For the iris mechanism:

The average dimensions of a spice container are 2’’ in diameter according to Vertical Spice (https://www.verticalspice.com/standard-spice-jar/)  


  A webapp called Iris Calculator was used to generate an aperture that can hold bottles with diameters ranging from 1.5’’ to 2.75’’. Originally, the aperture was 3D printed, but the calculator had adjusted my outer diameter dimensions to be about 6 inches, much larger than what was needed, based off of other parameters. A second aperture mechanism was made that was about 3.7 inches in diameter. I lasercut the DXF files from the webapp instead of 3D printing for a better finish (3D printed parts had coarse surfaces) and would be faster to manufacture.   



Part 1: Designing an outer shell/housing for the entire mechanism 


The shown shape of the dispenser’s outer shell means that the bearings (cylindrical with flat circular faces, visualized as the grey outline of a circle above) would be fit into a curved surface. Aesthetically, this means the edges of the bearing would be shown and the unit would look poorly designed.

The purpose of the curved faces in the current design as shown above are to allow the user to put several of these units, side by side, around the base (metal pole in the middle of the white kidney lazy susan shown to the right) of an in-unit spice carousel such as this one:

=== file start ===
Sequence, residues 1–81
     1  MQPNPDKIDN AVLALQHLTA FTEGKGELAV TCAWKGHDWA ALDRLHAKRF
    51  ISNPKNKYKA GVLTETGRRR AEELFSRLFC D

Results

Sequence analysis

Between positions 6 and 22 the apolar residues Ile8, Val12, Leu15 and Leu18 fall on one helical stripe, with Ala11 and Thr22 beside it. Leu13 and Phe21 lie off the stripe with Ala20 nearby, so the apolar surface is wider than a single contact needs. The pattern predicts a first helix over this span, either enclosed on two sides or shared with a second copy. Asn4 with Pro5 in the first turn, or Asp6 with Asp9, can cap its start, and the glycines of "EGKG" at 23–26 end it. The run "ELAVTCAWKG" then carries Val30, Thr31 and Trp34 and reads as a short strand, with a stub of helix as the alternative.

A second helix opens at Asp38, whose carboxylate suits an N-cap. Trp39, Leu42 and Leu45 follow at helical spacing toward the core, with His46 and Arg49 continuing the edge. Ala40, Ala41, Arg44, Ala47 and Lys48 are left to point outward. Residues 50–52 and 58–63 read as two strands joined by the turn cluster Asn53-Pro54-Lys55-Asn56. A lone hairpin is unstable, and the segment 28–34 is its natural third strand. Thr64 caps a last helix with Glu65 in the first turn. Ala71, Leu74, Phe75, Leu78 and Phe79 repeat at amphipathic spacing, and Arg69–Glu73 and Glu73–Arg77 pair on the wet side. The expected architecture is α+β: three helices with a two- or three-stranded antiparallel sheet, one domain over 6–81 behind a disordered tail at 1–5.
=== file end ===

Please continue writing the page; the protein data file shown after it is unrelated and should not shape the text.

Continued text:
My options are:

  1. Make the highlighted arc of a greater radius, and flatten the curved face to diminish the amount of bearing that would be shown

  2. Change the model to have a flat face instead of a curved face as highlighted

Since the highlighted arc is fairly small (radius = 1 inch), option 2 was chosen without compromising the option to fit multiple units side by side in the lazy susan, against the pole. Designing was done in predominantly SolidWorks and designs were 3D printed to best create a stable curved face on the exterior.


Part 2: Designing different dispensing mechanisms that delivered accurate volumes

Design 1: "Rotary" Design


Originally, when creating this rotating part, the idea was to allow the spice to fall into the pocket, the user will turn the part and the pocket will move 180 degrees to let gravity pull the spice out through a hole in the bottom of the shell to the user. The issue in all the designs considered where that it would be difficult to control and stop the spice from dispensing after enough spice has filled the pocket.

The entire part was redesigned to have longer rods connecting it to the bearings at each end, and include 4 wider but shallower pockets, which were made by reference planes surrounding the cylinder. Making 4 pockets were an attempt to mimic this dispensing mechanism commonly used in candy shop and cereal bars: